A safe-haven asset is a type of financial instrument likely to retain or increase value during market turbulence.
Safe-haven assets can include currencies such as the US dollar and Swiss franc, precious metals, defensive stocks, and government bonds.
Safe havens in times of market volatility may react differently in different periods.
Understanding safe-haven assets
A safe haven typically refers to something that provides security or an escape from things that a person may find worrying or dangerous. It can come in the form of a place, situation, or object, but in trading, a safe haven comes in the form of investment.
A safe-haven asset is a type of financial instrument likely (but not guaranteed) to retain or increase value during market turbulence.Investors seek out safe havens to help limit their exposure to losses if market downturns occur.
This article will explore 4types of assets that investors may turn to during bear markets.
Gold & other precious metals
Gold is perhaps the most commonly perceived safe-haven investment.
As a physical commodity, it cannot be printed like money, and its value usually won't be seriously impacted by the macroeconomic environment.
Gold serves as a form of insurance against adverse economic events, given that its value has remained stable for many years.
Other commodities, such as silver, and copper are generally negatively correlated with stocks and can also serve as safe havens for investors.
Some currencies are also considered safe havens.
Given that the US is the world's most robust economy, it's no surprise that the US dollar (USD) is considered a safe-haven currency. It typically has a history of stable interest and exchange currency rates.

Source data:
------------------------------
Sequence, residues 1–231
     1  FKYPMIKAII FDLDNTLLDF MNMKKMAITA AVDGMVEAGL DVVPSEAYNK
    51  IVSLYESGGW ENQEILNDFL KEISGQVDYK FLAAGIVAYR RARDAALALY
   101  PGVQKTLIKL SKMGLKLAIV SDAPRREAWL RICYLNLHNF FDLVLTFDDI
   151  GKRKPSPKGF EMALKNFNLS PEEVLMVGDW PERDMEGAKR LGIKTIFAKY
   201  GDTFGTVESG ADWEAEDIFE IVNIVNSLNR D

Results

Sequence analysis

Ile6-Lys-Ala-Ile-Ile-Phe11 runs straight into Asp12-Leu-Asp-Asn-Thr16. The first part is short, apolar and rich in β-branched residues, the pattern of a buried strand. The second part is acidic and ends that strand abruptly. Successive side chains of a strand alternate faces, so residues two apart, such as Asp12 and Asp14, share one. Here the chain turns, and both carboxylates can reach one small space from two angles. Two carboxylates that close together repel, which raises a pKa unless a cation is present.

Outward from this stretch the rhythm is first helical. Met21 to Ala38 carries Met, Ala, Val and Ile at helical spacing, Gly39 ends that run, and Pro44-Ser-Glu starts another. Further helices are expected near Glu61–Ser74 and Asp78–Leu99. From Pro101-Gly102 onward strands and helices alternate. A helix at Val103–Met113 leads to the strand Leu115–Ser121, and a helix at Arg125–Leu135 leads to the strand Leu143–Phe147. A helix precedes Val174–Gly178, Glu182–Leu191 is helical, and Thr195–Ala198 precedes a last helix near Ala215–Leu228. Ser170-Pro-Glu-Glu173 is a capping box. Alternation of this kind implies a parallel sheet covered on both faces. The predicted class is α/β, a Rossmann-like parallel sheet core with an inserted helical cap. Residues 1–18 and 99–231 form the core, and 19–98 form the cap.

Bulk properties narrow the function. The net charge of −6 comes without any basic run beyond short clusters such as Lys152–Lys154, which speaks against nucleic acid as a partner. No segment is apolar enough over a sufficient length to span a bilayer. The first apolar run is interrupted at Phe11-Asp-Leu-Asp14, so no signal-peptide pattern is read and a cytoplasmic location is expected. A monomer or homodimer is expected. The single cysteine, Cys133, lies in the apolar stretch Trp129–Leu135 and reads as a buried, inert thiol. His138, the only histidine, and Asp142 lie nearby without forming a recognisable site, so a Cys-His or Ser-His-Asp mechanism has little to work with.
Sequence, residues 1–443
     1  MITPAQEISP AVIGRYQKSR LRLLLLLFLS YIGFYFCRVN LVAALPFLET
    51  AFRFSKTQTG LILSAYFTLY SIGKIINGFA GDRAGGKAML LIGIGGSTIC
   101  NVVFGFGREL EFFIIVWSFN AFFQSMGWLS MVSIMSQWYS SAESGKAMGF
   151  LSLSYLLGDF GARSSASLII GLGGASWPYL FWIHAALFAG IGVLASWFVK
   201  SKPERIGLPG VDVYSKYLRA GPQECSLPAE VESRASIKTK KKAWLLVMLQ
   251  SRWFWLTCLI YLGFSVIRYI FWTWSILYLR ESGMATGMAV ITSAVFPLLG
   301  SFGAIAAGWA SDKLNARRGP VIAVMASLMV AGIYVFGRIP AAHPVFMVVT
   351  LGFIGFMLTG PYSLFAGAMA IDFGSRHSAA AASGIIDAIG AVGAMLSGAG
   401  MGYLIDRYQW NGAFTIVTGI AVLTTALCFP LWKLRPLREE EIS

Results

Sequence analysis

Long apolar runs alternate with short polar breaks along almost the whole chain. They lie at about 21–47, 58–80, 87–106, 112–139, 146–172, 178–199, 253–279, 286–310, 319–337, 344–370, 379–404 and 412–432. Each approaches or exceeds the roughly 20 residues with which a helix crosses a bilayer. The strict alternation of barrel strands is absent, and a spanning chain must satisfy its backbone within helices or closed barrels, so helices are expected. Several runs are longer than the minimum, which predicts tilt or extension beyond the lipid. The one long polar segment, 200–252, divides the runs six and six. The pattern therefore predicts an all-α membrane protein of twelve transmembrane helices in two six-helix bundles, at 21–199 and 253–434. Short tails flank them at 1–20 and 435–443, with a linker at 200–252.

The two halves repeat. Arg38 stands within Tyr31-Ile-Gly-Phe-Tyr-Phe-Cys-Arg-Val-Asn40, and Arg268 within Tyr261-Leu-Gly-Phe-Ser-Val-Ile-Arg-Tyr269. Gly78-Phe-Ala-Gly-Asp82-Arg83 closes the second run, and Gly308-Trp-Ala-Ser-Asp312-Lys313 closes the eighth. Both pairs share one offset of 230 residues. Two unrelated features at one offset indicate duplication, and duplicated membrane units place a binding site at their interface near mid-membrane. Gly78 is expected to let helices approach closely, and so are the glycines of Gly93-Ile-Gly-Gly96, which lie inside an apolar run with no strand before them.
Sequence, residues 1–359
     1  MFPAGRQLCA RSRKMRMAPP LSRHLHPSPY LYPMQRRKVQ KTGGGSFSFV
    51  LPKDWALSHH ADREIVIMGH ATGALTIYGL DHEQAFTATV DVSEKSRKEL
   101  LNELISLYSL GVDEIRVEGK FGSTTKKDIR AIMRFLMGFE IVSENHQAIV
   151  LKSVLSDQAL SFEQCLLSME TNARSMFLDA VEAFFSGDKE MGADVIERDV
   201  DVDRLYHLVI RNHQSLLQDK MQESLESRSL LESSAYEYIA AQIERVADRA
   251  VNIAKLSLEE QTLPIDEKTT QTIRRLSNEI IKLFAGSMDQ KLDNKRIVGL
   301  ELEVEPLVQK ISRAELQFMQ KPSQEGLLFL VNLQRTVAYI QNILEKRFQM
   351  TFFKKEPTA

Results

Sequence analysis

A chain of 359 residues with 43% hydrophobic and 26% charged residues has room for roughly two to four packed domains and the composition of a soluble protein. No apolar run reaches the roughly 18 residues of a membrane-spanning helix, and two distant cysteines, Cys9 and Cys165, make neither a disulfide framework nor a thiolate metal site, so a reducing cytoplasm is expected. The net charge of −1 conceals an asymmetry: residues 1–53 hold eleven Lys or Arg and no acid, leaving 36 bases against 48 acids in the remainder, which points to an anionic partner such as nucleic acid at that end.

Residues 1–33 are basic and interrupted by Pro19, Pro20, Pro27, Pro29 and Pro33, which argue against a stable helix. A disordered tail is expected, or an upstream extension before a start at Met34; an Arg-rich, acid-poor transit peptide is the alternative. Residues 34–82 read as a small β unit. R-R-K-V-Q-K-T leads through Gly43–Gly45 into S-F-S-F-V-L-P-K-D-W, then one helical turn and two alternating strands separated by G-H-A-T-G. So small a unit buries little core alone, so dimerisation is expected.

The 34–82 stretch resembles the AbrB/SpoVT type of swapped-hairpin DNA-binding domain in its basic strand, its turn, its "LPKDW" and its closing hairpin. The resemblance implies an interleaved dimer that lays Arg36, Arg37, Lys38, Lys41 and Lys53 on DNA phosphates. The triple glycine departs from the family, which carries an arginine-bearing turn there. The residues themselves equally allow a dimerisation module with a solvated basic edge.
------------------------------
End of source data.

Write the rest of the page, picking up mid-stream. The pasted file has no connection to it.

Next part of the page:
The USD is the global reserve currency. Therefore, it's used for many business deals globally and isn't normally negatively impacted by domestic or international uncertainties.
The Swiss franc is considered a safe-haven currency.
Switzerland has a large, safe, and stable banking industry, a low-volatility capital market, tax-friendly policies, near-zero unemployment, a high standard of living, and positive trade balance figures. Switzerland's independence from the European Union also somewhat shields it from any adverse political and economic events in the region.
Although the stock market is mainly at the center of crisis during a market downturn, some specific companies are noted to have outperformed during turmoil, referred to as 'defensive stocks'.
Examples of defensive stocks are utility, healthcare, biotechnology, and consumer goods companies.
Regardless of market conditions, consumers will still buy food, health products, and basic home supplies. As a result, defensive companies will generally retain their stock values in times of uncertainty.
Debt securities issued by governments across the world are generally stable investments.
T-bills or T-notes in the US act as safe-haven investments, and are backed by the full faith and credit of the US government. Because they are considered to have low credit or default risk, they generally offer lower yields relative to other bonds.
However, these assets are still affected by inflation, interest rates, and currency changes.
Investors often use instruments considered 'safe havens' in times of economic uncertainty or hardship to help offset risk on their existing portfolios.
However, all investments carry a certain amount of risk and the safe-haven assets listed above may react differently in different times of market volatility.